"Three amigos" talk trade, H1N1 in Mexico

GUADALAJARA, Mexico Mon Aug 10, 2009 6:49pm EDT

1 of 21. President Barack Obama, Mexico's President Felipe Calderon (C) and Canada's Prime Minister Stephen Harper (L) pose for the leader's official photo at the Cabanas Cultural Center in Guadalajara, Mexico, while attending the North American Leader's Summit, August 10, 2009.

Credit: Reuters/Larry Downing

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GUADALAJARA, Mexico (Reuters) - Leaders of the United States, Mexico and Canada vowed on Monday to fight the spread of the H1N1 swine flu and combat climate change but differed on trade disputes at their "three amigos" summit.

U.S. President Barack Obama, Mexican President Felipe Calderon and Canadian Prime Minister Stephen Harper met against a backdrop of an economic downturn in each country with a U.S. rebound key to a regional improvement.

Obama and Harper said their governments would share information as each faces the possibility of a predicted upsurge in the H1N1 virus this autumn.

"H1N1, as we know, will be back this winter," Calderon said at a joint news conference. "We are getting prepared, all three countries, to face in a responsible manner this contingency and abate its impacts for our people."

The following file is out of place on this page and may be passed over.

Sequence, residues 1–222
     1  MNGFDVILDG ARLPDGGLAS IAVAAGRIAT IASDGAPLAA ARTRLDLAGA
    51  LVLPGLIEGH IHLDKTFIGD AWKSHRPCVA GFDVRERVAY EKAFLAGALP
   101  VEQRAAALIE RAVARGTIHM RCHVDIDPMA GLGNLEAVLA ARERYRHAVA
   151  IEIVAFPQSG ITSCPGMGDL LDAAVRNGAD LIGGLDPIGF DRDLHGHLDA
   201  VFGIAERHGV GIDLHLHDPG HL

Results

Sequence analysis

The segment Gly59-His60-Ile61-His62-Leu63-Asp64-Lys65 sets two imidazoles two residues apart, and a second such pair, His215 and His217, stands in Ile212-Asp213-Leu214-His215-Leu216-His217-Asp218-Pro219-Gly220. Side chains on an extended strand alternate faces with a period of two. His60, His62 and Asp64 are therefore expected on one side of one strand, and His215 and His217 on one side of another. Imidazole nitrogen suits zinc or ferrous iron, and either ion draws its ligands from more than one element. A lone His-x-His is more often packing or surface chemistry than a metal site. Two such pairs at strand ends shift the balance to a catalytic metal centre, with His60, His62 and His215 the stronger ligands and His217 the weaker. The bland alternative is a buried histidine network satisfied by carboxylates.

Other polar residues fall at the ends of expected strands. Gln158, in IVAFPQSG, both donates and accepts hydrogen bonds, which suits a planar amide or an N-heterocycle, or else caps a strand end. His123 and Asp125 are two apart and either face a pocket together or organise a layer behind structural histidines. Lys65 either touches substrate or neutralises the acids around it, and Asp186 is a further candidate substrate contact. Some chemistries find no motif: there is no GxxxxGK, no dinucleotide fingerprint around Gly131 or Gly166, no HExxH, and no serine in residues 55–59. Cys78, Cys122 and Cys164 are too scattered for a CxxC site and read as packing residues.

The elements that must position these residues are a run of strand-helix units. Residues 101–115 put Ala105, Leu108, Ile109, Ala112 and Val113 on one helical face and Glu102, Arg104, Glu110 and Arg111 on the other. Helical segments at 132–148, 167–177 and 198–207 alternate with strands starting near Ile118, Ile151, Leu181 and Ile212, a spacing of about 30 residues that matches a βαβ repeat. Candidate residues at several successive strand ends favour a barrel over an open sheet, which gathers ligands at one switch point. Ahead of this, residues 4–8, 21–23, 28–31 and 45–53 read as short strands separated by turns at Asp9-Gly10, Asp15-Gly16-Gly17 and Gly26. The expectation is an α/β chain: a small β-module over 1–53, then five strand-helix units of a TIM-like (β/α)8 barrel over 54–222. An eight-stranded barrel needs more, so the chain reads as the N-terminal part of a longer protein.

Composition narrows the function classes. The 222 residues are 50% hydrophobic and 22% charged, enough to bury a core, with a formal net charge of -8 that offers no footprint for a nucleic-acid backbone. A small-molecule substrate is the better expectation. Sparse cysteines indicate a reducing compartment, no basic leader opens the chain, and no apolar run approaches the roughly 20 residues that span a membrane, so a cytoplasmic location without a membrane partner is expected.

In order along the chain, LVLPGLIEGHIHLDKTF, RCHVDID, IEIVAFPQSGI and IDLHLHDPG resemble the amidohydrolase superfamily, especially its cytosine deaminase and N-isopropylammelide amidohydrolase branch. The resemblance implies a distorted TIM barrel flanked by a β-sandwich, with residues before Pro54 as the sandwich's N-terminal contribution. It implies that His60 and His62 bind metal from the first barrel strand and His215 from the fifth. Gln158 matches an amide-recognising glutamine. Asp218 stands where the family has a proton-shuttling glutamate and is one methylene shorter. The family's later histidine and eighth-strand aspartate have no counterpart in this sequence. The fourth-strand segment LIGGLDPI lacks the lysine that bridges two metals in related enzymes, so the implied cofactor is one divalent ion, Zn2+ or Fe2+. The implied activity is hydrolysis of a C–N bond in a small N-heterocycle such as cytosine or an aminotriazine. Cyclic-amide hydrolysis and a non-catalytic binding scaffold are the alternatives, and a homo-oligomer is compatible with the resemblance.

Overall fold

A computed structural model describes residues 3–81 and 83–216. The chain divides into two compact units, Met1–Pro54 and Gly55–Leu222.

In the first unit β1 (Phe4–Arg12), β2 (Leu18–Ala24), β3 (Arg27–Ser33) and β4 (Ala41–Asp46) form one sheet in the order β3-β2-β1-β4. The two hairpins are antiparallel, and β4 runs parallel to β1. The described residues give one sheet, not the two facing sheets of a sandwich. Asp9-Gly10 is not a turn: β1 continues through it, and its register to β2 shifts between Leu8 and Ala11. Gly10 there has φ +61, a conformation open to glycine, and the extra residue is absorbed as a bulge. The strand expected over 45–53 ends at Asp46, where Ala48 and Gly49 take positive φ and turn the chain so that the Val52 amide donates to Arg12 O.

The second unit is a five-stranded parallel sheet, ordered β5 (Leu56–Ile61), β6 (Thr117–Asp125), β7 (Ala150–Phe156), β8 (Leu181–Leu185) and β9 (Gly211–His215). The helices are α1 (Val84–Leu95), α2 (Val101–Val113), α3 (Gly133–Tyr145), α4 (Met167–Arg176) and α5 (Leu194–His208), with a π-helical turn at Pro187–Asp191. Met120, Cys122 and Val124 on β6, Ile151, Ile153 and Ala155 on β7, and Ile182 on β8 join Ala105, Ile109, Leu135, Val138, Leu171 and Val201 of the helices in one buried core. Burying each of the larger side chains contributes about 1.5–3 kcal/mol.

All three leaders vowed to respect the North American Free Trade Agreement that unites their countries in trade, but differed on some issues.

Harper raised with Obama Canada's concerns about the "Buy American" provisions in the $787 billion U.S. economic stimulus plan that the Canadians fear could shut out Canadian companies.

Canada is the United States' largest trading partner.

Obama said it was important to keep in perspective the fact that no sweeping protectionist measures have been imposed and that the "Buy American" provisions were limited to the stimulus and have "in no way endangered the billions of dollars in trade between our two countries."

Calderon, who is trying to persuade Obama to resolve a cross-border trucking dispute to allow Mexican trucks to transit into the United States, said all three leaders believe it is essential to abide by NAFTA and to "resolve the pending topics" impeding greater regional competitiveness.

Obama had made clear to Calderon that he was working with the U.S. Congress to resolve what he considers to be legitimate safety concerns with Mexican trucks.

He said the United States, Mexico and Canada should take steps to avoid protectionism, saying "we need to expand that trade, not restrict it."

The three leaders issued a statement on joint efforts to combat climate change with an eye toward a global summit on the topic in Copenhagen in November.

"We, the leaders of North American reaffirm the urgency and necessity of taking aggressive action on climate change," they said.

(Additional reporting by Mica Rosenberg, editing by Frances Kerry)

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